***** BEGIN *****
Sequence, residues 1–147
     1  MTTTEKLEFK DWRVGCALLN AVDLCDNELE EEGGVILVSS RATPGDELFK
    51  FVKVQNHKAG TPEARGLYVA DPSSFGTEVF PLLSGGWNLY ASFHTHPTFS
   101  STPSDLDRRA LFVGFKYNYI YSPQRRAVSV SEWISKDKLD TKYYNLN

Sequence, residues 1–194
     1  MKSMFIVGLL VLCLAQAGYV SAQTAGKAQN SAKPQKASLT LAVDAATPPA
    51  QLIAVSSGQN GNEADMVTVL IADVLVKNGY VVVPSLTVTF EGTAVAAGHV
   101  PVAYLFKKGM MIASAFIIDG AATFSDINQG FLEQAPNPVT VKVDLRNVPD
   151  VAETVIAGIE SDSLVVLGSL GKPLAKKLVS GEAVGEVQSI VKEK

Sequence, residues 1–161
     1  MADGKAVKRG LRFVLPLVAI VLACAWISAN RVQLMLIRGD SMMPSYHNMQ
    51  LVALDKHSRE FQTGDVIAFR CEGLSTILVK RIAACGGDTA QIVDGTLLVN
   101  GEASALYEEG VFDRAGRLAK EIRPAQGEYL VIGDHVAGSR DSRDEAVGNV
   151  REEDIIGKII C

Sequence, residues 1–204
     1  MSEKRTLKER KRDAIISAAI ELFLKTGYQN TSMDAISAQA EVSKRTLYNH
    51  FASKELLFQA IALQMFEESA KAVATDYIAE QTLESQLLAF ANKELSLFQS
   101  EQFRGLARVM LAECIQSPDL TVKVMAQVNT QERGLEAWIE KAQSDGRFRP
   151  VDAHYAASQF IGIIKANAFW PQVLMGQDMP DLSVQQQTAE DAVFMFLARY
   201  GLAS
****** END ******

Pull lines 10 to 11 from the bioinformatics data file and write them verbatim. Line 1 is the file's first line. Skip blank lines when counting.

Sequence, residues 1–161
     1  MADGKAVKRG LRFVLPLVAI VLACAWISAN RVQLMLIRGD SMMPSYHNMQ